Myeloma is a rare and incurable cancer of the bone marrow and accounts for approximately 1% of cancers. Approximately 50,000 people in Europe are diagnosed each year with myeloma. Myeloma is a relapsing-remitting cancer: patients will start treatment and may enter a period of remission before reappearance of symptoms. During remission phases, patients will either continue on the treatment that is keeping their myeloma at bay, they may receive a single drug maintenance treatment or undergo observation. Relapses can occur several times during the course of myeloma, when it is again necessary to start or change treatment. The treatment landscape of myeloma is very complex and can include a stem cell transplant and combinations of three to four drugs at a time, such as chemotherapy, immunotherapy, and steroids. Patients who are eligible may also receive a stem cell transplant. Survival rates of myeloma patients have significantly improved over the last decade with the development of new and emerging treatments.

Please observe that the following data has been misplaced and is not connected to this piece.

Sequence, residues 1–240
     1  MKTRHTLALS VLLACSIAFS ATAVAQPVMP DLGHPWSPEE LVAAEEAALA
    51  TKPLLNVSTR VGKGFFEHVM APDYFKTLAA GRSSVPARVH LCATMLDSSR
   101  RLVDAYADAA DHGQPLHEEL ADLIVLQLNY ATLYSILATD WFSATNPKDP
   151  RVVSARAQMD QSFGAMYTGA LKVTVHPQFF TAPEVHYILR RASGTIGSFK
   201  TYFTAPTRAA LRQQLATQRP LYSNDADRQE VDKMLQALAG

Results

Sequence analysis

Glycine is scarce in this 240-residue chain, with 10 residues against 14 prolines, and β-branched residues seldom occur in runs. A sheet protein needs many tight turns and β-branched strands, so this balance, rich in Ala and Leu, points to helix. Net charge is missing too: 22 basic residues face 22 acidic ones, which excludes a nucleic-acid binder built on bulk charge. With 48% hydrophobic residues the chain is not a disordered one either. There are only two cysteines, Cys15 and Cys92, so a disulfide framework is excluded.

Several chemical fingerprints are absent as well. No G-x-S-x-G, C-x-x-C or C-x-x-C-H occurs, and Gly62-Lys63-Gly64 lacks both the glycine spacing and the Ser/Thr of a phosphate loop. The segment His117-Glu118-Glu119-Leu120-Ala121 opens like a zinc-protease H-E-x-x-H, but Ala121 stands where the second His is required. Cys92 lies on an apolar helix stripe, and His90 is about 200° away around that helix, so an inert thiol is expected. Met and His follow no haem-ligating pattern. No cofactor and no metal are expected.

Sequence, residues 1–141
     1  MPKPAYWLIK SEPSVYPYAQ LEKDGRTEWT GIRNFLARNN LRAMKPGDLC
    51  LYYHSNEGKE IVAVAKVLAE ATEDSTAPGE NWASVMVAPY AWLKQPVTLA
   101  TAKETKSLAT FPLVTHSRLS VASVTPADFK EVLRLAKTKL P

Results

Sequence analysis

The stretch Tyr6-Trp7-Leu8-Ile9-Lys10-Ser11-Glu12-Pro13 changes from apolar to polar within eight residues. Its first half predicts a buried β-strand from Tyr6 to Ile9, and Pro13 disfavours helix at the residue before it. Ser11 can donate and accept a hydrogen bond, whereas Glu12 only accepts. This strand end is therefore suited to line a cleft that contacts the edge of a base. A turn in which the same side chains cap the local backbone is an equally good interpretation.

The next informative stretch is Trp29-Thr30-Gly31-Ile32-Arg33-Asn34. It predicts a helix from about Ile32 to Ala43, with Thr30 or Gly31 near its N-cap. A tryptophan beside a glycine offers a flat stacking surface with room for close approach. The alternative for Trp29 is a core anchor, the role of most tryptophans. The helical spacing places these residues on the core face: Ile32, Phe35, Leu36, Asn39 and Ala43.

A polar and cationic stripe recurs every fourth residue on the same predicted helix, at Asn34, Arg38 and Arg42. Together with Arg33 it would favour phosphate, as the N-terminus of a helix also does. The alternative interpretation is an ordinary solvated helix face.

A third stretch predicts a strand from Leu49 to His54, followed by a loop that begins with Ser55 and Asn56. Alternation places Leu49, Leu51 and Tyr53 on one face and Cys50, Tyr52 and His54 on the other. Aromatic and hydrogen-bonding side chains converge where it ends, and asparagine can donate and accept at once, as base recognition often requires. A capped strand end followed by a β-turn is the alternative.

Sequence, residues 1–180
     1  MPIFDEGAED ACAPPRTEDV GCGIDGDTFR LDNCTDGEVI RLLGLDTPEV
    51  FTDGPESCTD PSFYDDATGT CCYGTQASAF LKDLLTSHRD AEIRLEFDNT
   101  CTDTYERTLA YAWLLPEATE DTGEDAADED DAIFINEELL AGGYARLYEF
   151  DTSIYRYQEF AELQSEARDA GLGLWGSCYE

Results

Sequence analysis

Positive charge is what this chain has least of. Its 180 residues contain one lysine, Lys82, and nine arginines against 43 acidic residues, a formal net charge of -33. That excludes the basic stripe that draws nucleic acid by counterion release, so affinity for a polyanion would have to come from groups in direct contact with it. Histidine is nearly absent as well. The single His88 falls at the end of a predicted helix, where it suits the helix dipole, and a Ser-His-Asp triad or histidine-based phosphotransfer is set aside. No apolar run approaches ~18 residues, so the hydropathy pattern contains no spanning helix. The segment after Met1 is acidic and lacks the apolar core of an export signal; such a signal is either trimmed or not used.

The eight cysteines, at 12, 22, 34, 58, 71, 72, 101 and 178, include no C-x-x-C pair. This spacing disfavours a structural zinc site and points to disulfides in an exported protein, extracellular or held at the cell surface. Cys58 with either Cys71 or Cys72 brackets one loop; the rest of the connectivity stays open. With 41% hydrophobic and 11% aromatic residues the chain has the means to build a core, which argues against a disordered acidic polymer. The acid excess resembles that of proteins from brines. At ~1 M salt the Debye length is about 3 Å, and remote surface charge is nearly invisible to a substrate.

About Myeloma Patients Europe (MPE)
Myeloma Patients Europe (MPE) is an umbrella organisation of myeloma and AL amyloidosis patient groups across Europe. MPE currently has 48 members based in 31 countries. The mission of the organisation is to provide education, information, and support to member groups and to advocate at European, national, and local levels for the best possible research and equal access to treatment and care. To achieve its aims, MPE works directly with members, healthcare professionals, reimbursement authorities, regulators, politicians, pharmaceutical companies, and the media to ensure all stakeholders collaborate to improve patient outcomes and reduce inequalities across Europe.